I was asked to write this article on one of my favorite women artists. Without hesitation, I knew it would be about the late, great Carolee Schneemann. Carolee activated the female nude with a multidisciplinary practice that spanned sixty years including painting, assemblage, performance and film. She received her B.A. in poetry and philosophy from Bard College and a Master of Fine Arts from the University of Illinois. Originally a painter, she turned to performance-based work characterized by research into visual traditions, taboos and the body of the individual in relation to social bodies.
It is perhaps her performance-based art that brought Carolee’s work to my attention. She was a visionary feminist and pioneer whose work has been exhibited worldwide. Her comprehensive retrospective called “Carolee Schneemann: Kinetic Paintings” traveled from Germany to MoMA Ps 1 in New York in 2018. I not only got to see this important and awe-inspiring exhibition in NY; I also have had the pleasure of being in her magnificent presence on several occasions. I have a couple of fond memories but getting to visit her home and studio in upstate NY was a jaw dropping and amazing experience. Carolee is remembered for a number of important creations from painting to films including “Meat Joy” in 1964 and “ Fuses” in 1967. I want to introduce you all to one of her great performance pieces called “ Interior Scroll”. In August of 1975 Carolee first performed at the art show “Women Here and Now” in East Hampton. She entered the performance space wrapped in a white sheet and carrying a bucket of mud. After undressing, she ritualistically painted her body with the mud and read from her book, “Cezanne, She was a Great Painter.” Schneemann then slowly extracted a scroll from her vagina and read a text that was a response to criticism from a male artist accusing her for her ethereal, and therefore traditionally feminine, use of the personal clutter/the persistence of feelings/the hand-touch sensibility/the diaristic indulgence/the painterly mess/the dense gestalt/the primitive techniques. “Interior Scroll” was performed a second and last time at the Telluride Film Festival in Colorado in 1977.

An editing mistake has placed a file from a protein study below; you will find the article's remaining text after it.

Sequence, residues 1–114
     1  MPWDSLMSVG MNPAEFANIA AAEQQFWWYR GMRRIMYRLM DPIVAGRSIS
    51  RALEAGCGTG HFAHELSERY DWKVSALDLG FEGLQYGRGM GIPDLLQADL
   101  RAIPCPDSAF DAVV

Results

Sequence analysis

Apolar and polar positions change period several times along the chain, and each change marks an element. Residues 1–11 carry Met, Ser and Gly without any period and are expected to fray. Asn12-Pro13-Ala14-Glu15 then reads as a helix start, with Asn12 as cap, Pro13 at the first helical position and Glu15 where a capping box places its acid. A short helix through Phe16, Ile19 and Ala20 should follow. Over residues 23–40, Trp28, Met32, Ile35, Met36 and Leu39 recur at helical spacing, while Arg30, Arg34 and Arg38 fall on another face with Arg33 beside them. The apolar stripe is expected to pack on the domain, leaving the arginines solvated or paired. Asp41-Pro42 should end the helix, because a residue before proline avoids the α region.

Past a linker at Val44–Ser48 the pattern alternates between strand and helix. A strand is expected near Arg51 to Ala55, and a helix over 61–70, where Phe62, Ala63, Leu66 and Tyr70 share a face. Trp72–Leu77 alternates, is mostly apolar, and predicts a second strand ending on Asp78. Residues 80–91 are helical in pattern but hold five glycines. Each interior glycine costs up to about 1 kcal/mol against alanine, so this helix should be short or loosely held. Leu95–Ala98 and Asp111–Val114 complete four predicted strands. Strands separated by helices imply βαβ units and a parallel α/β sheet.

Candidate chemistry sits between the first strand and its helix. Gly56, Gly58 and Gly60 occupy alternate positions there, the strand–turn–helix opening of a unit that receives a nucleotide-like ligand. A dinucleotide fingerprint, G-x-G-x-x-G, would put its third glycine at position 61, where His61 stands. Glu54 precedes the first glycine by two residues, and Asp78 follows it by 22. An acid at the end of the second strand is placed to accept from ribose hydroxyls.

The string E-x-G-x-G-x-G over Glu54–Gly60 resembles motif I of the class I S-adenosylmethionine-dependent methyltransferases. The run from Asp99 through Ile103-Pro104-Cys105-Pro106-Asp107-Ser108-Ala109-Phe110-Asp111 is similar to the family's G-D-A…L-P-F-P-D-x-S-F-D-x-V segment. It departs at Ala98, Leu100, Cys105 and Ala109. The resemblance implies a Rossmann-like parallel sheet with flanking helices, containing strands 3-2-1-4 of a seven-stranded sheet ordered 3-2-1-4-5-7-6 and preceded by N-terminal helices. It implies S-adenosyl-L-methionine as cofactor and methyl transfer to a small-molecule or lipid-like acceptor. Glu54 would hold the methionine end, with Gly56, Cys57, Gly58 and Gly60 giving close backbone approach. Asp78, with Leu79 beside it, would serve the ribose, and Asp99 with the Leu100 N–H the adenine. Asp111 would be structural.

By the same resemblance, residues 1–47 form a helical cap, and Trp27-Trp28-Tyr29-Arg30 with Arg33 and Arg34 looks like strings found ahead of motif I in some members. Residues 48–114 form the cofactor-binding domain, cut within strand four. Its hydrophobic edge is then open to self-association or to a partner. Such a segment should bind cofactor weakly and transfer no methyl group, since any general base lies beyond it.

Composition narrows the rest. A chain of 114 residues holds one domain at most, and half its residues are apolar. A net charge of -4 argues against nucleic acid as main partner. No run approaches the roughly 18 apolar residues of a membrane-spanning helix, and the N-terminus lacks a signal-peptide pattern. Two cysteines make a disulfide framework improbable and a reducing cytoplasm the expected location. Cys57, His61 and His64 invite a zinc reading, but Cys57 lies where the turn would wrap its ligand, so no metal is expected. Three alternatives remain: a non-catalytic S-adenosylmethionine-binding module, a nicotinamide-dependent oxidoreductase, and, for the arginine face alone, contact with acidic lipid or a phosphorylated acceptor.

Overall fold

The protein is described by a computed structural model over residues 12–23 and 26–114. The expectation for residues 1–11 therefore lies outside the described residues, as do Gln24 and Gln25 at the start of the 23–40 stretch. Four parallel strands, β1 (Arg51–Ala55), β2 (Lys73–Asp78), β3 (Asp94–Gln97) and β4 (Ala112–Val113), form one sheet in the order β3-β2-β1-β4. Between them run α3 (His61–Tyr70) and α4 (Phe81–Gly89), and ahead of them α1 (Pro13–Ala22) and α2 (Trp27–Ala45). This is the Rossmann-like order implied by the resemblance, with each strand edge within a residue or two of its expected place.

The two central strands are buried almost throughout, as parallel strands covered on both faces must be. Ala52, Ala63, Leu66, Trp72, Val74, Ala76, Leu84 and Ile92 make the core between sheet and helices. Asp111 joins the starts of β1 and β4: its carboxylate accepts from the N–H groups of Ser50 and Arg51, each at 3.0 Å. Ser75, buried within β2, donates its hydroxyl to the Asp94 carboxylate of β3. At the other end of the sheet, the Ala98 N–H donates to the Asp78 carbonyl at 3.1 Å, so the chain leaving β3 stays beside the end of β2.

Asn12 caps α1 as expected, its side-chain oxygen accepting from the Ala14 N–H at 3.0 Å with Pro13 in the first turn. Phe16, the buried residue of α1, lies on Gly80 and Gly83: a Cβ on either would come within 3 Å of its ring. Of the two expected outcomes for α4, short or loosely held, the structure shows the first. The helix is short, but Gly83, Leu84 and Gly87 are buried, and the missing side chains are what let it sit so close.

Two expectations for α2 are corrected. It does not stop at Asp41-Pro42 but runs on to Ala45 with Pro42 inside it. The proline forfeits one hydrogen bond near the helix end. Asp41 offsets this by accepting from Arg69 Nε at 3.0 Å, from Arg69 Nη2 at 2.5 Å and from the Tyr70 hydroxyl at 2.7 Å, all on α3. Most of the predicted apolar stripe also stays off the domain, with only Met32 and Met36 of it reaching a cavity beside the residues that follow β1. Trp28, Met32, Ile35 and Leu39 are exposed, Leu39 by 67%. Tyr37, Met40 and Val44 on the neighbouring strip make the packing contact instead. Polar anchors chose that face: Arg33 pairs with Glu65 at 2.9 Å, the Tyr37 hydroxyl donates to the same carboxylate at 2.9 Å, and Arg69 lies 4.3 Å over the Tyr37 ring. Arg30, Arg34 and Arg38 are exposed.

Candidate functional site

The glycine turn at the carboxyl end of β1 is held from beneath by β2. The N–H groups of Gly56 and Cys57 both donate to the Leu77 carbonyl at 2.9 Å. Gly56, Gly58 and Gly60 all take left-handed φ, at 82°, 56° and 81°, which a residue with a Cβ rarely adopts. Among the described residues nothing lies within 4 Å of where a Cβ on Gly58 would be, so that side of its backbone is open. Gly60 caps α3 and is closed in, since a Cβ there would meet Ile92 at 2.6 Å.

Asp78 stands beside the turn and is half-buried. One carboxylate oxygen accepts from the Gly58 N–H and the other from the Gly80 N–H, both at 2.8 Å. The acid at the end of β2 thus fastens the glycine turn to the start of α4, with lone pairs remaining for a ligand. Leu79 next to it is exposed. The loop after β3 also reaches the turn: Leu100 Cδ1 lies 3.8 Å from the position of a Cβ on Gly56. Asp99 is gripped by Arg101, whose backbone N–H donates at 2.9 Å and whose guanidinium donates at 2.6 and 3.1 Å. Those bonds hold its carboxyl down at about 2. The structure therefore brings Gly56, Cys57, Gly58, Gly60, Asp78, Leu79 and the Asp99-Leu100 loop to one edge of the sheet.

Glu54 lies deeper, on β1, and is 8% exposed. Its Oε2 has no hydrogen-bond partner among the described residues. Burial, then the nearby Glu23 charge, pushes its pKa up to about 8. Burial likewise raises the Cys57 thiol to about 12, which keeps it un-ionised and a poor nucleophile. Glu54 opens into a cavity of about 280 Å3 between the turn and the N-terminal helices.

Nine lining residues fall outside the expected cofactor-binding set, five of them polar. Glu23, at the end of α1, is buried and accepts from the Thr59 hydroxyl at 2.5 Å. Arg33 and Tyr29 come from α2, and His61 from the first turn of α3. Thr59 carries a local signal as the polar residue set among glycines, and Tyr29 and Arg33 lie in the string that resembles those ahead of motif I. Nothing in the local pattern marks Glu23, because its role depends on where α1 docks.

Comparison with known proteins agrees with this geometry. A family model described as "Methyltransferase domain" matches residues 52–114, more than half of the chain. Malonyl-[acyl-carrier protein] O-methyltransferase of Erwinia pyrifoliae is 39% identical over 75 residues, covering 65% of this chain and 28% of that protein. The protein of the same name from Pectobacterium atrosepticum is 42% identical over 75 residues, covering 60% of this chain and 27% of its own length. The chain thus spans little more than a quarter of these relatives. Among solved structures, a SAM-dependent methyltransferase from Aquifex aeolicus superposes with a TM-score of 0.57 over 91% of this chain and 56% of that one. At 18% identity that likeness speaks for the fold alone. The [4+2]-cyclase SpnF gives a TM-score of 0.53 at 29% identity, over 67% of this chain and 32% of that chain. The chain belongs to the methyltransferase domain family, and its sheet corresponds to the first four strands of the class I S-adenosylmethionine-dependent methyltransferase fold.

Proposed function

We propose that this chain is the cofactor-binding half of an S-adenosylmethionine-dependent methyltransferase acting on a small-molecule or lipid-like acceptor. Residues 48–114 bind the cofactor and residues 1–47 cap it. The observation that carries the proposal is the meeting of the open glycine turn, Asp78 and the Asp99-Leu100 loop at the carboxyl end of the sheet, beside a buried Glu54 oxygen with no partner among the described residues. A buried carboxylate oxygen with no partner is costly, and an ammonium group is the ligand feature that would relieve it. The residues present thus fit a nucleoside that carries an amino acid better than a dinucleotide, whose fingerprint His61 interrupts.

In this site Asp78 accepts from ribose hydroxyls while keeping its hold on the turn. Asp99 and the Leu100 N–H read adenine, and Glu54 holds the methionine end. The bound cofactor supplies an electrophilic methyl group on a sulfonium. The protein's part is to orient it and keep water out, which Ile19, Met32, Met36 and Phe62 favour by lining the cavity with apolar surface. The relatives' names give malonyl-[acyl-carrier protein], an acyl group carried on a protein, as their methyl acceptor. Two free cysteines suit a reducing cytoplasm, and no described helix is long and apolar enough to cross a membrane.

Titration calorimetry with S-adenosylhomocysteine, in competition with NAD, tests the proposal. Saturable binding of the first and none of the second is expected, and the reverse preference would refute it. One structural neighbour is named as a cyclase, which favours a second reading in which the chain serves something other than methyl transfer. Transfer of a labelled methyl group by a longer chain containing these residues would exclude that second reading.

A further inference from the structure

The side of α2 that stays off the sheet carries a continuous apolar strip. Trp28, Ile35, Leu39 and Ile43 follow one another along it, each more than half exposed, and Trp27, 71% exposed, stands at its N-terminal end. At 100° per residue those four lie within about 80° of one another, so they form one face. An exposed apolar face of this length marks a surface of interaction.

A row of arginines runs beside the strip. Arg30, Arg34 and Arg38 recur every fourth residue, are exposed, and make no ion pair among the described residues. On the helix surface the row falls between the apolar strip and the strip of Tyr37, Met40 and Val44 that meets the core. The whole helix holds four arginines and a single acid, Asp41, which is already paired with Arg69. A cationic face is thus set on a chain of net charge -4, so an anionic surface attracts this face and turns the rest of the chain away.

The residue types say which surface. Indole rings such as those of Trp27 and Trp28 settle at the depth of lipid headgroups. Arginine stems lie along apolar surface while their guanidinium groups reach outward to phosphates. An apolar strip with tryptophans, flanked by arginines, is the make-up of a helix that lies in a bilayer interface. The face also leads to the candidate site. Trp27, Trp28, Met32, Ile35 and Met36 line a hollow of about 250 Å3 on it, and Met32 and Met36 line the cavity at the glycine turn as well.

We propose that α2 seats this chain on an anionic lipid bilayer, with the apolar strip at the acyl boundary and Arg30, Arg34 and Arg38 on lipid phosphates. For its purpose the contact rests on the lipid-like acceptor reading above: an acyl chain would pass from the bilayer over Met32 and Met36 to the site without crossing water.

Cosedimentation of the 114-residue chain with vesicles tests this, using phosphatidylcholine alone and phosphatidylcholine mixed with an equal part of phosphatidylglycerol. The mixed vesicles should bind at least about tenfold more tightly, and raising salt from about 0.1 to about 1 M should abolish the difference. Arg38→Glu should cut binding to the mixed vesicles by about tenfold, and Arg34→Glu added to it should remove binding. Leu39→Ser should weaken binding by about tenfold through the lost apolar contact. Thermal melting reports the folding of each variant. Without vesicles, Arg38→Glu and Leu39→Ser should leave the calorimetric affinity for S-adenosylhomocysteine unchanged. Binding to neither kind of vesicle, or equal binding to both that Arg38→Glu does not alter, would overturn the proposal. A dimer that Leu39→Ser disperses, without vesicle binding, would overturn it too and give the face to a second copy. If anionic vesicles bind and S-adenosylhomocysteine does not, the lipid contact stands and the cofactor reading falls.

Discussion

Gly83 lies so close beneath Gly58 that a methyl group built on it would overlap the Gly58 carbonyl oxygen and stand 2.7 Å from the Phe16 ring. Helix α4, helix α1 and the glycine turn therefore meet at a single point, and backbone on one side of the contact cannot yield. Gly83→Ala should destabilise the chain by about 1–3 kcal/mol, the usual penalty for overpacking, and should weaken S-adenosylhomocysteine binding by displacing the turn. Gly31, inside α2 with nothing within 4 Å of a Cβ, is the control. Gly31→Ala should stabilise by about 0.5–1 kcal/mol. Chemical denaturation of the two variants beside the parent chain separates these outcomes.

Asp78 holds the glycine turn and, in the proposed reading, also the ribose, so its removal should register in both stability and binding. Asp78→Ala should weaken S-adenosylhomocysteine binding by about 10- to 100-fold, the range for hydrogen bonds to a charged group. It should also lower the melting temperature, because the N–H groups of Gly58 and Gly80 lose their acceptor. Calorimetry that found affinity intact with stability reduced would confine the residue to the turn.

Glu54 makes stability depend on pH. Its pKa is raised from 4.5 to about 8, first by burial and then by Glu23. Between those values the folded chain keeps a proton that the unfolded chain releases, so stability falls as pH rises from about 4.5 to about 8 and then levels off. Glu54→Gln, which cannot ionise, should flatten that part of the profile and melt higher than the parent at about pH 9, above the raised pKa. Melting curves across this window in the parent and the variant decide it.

There is so much one can say and talk about in referencing Carolee. I thought it best to end with Carolee’s own words. She said, “I thought of the vagina in many ways, ecstasy, birth passage, transformation. I saw the vagina as a translucent chamber of which the serpent was an outward model: enlivened by its passage from the visible to the invisible, a spiraled coil ringed with the shape of desire and generative mysteries, attributes of both female and male sexual powers. This source of interior knowledge would be symbolized as the primary index unifying spirit and flesh in Goddess worship.”
–Sara Vance Waddell